Set the stage for deliberations on consumption tax hike bill
The government has adopted a bill to raise the consumption tax rate at a Cabinet meeting and submitted it to the Diet. We commend Prime Minister Yoshihiko Noda for working hard to realize the government decision within the current fiscal year, and sticking to his personal pledge from beginning to end.
Noda renewed his call to opposition parties to cooperate in getting the bill passed. "If we look at this issue from a grand perspective, this is a good chance for us to join forces with the opposition bloc over policies," he said at a press conference Friday.
However, there is no prospect that the government will be able to pass--or even start Diet deliberations on--the bill, a step on which Noda openly said he would stake his political life.
As an initial step, the government and the ruling Democratic Party of Japan must make utmost efforts to create an environment in which the main opposition Liberal Democratic Party and New Komeito will agree to enter negotiations on the bill.
Consider multiple tax rates
The bill's main pillar is to raise the consumption tax rate in two stages to 8 percent in April 2014 and to 10 percent in October 2015.
Eighteen years have passed since the Diet decided to raise the consumption tax rate to the current 5 percent. Over that time, the outstanding debt of both the central and local governments has ballooned due to deteriorating fiscal conditions. This debt is projected to reach about 900 trillion yen--a record high--at the end of fiscal 2011, which ends Saturday.
Deep spending cuts will be essential for fiscal reconstruction, but this cannot be achieved simply by streamlining administrative bodies and services.
In the end, it will be unavoidable to raise the rate of the consumption tax, which provides a stable source of revenue for the government.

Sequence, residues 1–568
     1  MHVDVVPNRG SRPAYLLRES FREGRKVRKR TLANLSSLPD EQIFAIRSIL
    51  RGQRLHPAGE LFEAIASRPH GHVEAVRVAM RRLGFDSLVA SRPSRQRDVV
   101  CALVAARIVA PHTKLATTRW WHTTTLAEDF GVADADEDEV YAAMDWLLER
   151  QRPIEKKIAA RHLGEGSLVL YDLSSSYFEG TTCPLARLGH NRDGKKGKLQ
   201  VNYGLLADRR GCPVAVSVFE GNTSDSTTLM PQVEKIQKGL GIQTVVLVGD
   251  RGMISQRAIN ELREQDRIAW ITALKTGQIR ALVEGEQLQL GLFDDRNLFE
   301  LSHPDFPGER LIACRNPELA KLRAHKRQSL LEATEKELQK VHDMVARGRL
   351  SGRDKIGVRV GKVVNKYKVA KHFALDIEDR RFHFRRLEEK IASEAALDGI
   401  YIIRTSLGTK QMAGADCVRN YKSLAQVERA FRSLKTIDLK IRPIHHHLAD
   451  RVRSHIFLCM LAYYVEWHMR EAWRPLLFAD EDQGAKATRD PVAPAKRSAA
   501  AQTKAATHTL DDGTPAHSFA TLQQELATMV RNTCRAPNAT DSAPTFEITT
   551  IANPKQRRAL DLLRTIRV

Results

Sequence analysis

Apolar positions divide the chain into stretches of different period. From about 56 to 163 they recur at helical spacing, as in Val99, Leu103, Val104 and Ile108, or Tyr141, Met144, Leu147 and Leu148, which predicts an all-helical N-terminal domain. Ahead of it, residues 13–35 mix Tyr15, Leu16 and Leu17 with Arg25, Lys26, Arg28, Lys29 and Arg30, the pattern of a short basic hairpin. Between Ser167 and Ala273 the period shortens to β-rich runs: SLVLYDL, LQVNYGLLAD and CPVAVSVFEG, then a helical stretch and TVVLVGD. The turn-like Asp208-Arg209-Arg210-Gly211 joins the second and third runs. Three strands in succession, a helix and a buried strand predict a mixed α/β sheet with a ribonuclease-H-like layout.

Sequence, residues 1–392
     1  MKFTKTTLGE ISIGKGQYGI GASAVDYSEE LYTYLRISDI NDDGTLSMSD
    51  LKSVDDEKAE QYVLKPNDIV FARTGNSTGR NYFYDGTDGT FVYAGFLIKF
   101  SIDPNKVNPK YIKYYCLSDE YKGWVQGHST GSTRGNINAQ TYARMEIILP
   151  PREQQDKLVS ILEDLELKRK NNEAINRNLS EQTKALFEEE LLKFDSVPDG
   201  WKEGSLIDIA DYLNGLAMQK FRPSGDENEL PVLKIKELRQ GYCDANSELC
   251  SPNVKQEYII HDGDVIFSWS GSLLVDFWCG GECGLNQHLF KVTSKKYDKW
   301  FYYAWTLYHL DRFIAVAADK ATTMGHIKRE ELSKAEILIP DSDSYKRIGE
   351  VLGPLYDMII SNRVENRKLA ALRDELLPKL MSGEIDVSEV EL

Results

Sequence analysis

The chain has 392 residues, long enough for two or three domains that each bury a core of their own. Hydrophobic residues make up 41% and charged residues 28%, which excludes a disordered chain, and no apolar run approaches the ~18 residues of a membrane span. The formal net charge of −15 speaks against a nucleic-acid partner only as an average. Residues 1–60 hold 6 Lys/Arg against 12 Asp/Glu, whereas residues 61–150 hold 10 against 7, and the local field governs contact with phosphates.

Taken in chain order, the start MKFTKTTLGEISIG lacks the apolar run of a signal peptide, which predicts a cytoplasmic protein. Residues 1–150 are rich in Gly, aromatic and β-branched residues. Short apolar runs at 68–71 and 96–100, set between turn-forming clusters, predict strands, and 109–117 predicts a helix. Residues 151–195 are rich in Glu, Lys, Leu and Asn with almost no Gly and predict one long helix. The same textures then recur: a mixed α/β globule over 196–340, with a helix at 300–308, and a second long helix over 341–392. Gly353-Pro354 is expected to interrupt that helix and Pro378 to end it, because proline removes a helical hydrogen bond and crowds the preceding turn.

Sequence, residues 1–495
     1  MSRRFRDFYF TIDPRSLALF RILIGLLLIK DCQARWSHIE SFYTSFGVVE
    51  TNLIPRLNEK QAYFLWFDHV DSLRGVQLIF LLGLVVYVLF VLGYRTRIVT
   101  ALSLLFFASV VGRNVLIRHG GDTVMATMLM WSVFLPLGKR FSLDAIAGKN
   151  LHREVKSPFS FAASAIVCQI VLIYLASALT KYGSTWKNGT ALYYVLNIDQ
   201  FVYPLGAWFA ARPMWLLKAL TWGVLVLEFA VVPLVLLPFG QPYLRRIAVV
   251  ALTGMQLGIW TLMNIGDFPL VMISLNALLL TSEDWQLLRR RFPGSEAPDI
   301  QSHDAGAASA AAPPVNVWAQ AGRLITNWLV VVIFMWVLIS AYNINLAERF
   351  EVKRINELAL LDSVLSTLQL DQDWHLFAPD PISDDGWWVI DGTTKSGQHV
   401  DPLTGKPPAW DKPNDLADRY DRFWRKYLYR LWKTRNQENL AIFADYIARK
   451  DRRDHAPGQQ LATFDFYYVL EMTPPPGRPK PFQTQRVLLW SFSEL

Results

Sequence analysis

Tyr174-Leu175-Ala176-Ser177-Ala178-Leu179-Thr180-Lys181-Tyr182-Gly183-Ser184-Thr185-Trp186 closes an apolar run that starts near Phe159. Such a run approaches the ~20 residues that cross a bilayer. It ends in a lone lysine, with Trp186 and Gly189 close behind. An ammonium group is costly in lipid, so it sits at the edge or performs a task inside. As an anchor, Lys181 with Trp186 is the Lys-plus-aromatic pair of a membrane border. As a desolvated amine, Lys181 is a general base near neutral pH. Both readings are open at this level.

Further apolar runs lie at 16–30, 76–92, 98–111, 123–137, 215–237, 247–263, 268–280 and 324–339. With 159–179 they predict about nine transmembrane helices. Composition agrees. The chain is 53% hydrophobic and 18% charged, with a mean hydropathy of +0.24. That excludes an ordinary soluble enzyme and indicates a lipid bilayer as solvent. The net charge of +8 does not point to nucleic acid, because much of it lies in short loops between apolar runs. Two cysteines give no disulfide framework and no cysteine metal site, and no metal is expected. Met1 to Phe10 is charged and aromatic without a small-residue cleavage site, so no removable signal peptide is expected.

The bill's supplementary provision stipulates that the government will carry out measures aiming for a nominal economic growth rate of about 3 percent and a real economic growth rate of about 2 percent, as an elastic clause linking the tax hike to the state of the economy. This makes an economic turnaround a condition for implementing a higher consumption tax rate.
The prime minister stated these figures in the clause are not preconditions for the tax hike. We think Noda's position is appropriate.
Over the past 20 years, the country's nominal growth rate has remained almost zero. Given this, it will not be easy to achieve such growth targets. It is of course necessary for the government to try to generate economic growth. However, it must not allow opponents to exploit these figures to justify their attempts to stop the tax increase.
As steps to alleviate the burden that a higher consumption tax rate would impose on low-income earners, the bill incorporates a so-called negative income tax, which combines tax exemptions and benefit provisions. It also sets a limit on the total amount of social security-related payments to be shouldered by low-income earners.
Though some DPJ members are calling for taking bolder measures, it is important that the government not expand such systems to an unnecessary scale. Doing so would leave the door open to characterizing them as dole-out policies.
European countries have introduced a so-called multiple tax rate system, under which tax rates on food and other daily necessities are kept low to lesson burdens on family finances. In many countries, tax rates are set at zero or extremely low for newspapers and books. We believe implementing a multiple tax rate system is worth consideration in Japan, too.